HONG KONG: As higher incomes enable more Chinese to go abroad for their holidays, a number of countries have revealed how they are gaining from the trend with some relaxing their visa requirements.

Of all the visitors expected to visit Thailand during the Chinese New Year in early to mid-February, at least half are expected to be Chinese, The Nation reported.

Srisuda Wanapinyosak, the deputy head of international marketing at the Tourism Authority of Thailand (TAT), said 1.01 million foreigners are expected to visit the country over the festive season with Chinese numbers up 19% to 476,000 since last year.

"Despite China's [economic] instability, the TAT remains optimistic that the country will contribute the largest arrival source with more than six million tourists expected this full year," she said.

According to TAT, the key factors helping to attract more Chinese are the availability of multiple-visit visas and visas on arrival, more scheduled and charter flights, as well as successful marketing by travel agencies overseas.

Meanwhile, Malaysia has announced that Chinese tourists will not require a visa if they visit for less than 15 days any time between March 1 and December 31 this year.

Malaysia is also reported to be aiming to attract eight million tourists from China each year over the next five years in a bid to garner their Rm 22.1bn spending power.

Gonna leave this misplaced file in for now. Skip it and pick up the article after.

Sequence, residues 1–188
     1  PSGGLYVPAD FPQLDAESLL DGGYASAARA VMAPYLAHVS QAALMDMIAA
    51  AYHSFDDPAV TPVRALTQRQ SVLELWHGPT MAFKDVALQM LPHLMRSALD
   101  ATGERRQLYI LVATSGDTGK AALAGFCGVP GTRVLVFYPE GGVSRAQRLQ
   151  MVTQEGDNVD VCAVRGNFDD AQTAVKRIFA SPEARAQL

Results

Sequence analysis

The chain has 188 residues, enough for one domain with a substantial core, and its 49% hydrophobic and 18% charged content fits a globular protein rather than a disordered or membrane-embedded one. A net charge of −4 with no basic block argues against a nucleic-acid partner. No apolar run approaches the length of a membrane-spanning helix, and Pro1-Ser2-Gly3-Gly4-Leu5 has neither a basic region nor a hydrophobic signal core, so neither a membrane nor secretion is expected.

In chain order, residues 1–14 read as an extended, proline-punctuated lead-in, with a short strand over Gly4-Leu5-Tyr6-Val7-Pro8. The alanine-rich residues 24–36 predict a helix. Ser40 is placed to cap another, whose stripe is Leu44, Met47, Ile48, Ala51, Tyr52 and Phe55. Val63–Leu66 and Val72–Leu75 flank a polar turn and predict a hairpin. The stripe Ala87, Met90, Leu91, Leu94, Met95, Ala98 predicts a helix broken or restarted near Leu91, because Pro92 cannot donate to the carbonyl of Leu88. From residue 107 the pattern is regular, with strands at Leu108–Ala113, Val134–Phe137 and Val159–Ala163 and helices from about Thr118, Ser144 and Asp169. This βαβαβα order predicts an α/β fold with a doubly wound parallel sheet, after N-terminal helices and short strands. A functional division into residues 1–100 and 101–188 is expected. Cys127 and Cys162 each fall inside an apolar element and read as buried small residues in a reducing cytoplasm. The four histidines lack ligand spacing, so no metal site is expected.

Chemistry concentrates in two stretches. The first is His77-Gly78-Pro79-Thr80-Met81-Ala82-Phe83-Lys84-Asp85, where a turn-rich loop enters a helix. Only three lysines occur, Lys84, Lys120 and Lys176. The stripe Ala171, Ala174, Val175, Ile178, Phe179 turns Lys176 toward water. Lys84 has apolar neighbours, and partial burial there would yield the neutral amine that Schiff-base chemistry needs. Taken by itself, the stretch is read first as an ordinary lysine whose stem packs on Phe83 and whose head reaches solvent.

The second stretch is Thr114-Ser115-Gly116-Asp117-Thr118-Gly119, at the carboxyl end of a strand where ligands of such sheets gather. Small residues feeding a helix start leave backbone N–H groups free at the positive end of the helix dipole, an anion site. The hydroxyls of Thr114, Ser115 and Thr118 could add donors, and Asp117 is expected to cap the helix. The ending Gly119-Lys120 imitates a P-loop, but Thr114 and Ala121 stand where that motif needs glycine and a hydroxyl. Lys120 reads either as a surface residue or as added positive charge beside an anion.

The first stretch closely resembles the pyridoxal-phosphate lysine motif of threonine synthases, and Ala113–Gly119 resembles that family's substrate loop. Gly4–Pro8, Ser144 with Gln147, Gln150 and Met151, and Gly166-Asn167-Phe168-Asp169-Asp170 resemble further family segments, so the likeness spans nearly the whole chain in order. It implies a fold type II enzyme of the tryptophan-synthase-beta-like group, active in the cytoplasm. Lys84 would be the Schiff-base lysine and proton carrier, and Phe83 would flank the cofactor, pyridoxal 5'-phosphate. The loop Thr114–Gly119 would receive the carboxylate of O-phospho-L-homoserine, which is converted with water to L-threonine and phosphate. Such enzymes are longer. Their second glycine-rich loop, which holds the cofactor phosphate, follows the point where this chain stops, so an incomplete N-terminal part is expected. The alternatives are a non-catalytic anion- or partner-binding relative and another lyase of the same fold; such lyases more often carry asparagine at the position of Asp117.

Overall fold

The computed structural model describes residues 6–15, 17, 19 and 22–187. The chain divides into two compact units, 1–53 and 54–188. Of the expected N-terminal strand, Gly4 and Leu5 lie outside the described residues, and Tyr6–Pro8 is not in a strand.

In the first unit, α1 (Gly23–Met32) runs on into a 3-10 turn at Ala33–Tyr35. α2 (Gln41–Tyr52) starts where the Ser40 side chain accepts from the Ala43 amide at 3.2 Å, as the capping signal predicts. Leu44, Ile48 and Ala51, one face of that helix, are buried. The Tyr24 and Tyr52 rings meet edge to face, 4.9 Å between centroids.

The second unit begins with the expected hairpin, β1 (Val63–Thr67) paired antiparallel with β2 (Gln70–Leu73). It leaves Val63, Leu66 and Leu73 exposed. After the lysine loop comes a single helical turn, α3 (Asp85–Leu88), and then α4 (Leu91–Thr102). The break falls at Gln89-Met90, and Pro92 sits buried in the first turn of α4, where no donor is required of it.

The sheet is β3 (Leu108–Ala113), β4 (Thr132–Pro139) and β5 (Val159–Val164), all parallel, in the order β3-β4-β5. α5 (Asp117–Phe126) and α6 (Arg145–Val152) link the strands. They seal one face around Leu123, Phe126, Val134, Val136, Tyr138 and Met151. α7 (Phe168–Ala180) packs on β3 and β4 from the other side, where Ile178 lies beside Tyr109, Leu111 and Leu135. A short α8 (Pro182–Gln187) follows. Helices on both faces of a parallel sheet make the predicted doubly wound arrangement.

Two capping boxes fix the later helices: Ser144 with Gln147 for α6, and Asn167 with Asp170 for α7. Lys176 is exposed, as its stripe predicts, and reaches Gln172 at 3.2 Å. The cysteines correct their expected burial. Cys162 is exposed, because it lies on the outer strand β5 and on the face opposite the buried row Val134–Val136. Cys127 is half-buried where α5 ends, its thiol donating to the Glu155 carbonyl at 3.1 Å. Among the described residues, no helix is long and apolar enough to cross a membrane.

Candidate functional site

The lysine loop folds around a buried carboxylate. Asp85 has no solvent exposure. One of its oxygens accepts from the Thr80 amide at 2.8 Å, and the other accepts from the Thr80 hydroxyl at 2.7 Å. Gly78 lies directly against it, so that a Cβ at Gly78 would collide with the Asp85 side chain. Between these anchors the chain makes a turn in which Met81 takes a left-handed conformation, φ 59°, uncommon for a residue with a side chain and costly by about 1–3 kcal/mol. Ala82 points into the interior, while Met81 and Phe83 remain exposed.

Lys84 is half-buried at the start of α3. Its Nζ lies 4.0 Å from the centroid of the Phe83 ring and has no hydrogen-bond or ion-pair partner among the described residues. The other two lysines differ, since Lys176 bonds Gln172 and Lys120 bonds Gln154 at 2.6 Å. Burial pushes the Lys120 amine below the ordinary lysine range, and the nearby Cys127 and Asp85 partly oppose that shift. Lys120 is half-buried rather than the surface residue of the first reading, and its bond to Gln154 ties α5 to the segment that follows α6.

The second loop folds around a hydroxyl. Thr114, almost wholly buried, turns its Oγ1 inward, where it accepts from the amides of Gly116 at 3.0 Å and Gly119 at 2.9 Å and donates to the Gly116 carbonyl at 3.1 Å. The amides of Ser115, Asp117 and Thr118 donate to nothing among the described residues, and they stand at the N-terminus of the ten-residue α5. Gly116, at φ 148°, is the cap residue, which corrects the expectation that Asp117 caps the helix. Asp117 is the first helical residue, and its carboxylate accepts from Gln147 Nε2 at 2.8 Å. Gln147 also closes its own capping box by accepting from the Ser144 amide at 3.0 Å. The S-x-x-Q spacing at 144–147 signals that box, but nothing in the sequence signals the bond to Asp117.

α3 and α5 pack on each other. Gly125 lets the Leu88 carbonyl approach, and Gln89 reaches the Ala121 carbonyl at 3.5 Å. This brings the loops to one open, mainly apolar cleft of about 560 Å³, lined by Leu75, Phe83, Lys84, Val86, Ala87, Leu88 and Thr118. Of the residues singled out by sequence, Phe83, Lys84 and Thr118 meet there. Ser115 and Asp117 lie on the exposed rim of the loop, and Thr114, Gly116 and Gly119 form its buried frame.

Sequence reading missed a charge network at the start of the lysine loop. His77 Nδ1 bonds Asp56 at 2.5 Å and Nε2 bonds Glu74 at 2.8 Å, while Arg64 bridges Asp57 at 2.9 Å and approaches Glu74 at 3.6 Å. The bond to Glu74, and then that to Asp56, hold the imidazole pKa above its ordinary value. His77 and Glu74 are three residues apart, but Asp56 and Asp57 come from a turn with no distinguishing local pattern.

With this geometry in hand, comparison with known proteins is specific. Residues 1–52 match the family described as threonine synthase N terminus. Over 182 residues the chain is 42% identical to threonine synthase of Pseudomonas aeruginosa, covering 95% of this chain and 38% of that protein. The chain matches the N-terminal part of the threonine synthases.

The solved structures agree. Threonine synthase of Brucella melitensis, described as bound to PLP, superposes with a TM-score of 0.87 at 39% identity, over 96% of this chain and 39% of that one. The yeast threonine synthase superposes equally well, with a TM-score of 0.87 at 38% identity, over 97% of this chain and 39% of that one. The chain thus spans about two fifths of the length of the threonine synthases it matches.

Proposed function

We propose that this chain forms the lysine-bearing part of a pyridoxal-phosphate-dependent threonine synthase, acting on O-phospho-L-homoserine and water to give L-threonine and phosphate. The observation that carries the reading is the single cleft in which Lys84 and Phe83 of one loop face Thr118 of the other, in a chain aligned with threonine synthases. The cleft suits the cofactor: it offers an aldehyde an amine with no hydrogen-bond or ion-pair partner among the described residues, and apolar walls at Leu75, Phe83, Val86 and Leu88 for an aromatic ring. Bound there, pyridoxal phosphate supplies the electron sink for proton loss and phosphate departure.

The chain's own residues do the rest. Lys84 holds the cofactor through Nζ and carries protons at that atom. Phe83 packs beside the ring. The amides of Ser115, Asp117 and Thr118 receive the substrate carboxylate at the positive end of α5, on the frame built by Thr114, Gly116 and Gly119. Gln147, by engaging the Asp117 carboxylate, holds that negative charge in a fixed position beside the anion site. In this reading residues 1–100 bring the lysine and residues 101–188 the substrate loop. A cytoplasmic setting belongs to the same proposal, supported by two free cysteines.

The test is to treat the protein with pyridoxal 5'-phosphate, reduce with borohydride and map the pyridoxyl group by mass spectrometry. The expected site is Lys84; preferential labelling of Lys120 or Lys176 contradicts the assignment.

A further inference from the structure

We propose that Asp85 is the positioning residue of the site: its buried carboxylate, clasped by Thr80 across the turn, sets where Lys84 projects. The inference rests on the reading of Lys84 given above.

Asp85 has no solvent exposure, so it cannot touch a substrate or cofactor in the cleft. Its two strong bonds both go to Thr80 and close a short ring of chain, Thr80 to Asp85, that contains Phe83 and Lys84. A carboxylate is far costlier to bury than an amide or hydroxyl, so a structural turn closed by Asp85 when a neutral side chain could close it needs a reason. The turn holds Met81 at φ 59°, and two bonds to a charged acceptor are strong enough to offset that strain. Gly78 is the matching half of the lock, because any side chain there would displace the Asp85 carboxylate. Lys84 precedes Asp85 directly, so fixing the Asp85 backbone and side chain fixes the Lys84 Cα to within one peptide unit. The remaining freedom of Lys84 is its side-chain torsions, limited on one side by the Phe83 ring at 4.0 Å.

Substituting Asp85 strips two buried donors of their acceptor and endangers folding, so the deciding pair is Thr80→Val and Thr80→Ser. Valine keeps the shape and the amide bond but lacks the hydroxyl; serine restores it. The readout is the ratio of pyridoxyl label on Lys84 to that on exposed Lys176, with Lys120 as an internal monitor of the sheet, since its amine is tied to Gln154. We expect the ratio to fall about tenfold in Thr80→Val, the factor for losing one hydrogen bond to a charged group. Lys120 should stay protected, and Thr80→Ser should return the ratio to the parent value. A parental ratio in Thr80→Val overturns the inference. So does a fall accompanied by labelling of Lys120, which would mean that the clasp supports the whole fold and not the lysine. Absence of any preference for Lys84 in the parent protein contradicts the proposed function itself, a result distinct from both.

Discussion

Elsewhere, South Korea said that, for the first time, it would make 10-year multiple entry visas available to Chinese tourists, although the benefit will be limited to degree-level professionals, China Daily reported.

According to official data, 6.11 million Chinese tourists visited South Korea in 2015 where they spent $2,200, or twice the average of all foreign tourists.

Enthusiasm for attracting the Chinese tourist dollar also extends beyond China's immediate neighbours, as shown by new figures from VisitBritain, the UK's tourism body.

VisitBritain revealed that the number of Chinese tourists who visited the UK in the first nine months of 2015 jumped 37% to 214,000 from the same period in 2014.

Commenting on the news, UK Culture Secretary John Whittingdale, said: "We are making it easier for Chinese tourists to come and enjoy the best of Britain and our recently launched two-year visa scheme will encourage even more to visit."

Data sourced from The Nation, New Straits Times, China Daily, BBC; additional content by Warc staff